Jumat , 08 Des 2023 11:49:27
Activin signalling inhibitors for the treatment of pulmonary arterial hypertension

Viewpoint: activin signalling inhibitors for the treatment of pulmonary arterial hypertension

Marc Humbert

European Respiratory Journal 2023 62: 2301726; DOI: 10.1183/13993003.01726-2023

The US Food and Drug Administration has agreed to review an application seeking approval of the activin signalling inhibitor sotatercept as a treatment for adults with pulmonary arterial hypertension https://bit.ly/46zBDPS

Pulmonary vascular remodelling and dysfunction are hallmarks of pulmonary arterial hypertension (PAH), a rare and severe form of pre-capillary pulmonary hypertension, causing shortness of breath, fatigue, chest pain, exercise limitation, altered quality of life and markedly reduced life expectancy, despite guideline-supported management with approved medications. In the past 30 years, several drugs with predominant vasodilator properties have been successfully developed for PAH, targeting the endothelin, nitric oxide and prostacyclin pathways (endothelin receptor antagonists, phosphodiesterase type-5 inhibitors, soluble guanylate cyclase stimulators, prostacyclin analogues and prostacyclin receptor agonists). According to the guidelines, initial or sequential combination of two or three agents improves exercise capacity and delays time to clinical worsening, but such therapy does not truly qualify as disease modifying. Therefore, it is a priority to discover novel approaches directly targeting the basic drivers of pulmonary vascular remodelling.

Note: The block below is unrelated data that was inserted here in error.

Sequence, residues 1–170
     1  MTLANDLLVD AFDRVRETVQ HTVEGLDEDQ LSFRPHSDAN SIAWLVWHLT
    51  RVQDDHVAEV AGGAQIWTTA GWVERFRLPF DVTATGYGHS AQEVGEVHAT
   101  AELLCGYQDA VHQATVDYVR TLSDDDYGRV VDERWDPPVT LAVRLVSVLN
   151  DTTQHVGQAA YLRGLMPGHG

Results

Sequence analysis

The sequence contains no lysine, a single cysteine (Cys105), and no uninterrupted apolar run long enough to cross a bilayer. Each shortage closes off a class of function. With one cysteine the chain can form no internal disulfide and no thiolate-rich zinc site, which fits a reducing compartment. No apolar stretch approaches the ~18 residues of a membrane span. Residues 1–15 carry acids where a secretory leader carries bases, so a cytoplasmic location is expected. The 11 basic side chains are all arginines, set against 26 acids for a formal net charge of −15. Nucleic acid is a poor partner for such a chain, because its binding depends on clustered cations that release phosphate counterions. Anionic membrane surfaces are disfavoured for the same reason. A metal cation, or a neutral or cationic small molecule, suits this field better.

Heterozygous mutations in the bone morphogenetic protein (BMP) receptor type II gene cause familial/heritable PAH. Furthermore, identification of mutations of genes encoding other members of the transforming growth factor beta superfamily underscores that this group of structurally related cell regulatory proteins plays a major role in pulmonary vascular homeostasis, and that a decline in the BMP–Smad1/5/8 signal transduction is critical in the sequence of events leading to PAH. Of note, this defective pathway is associated with increased activin–SMAD2/3 mediated transcriptional response, promoting pulmonary endothelial cell dysfunction and pulmonary vascular smooth muscle cell proliferation. These findings have supported the development of innovative treatment strategies with biologics, including ligand traps and monoclonal antibodies, recombinant proteins, gene therapies, antisense drugs or small molecules (activators or inhibitors) in an attempt to restore pulmonary vascular homeostasis.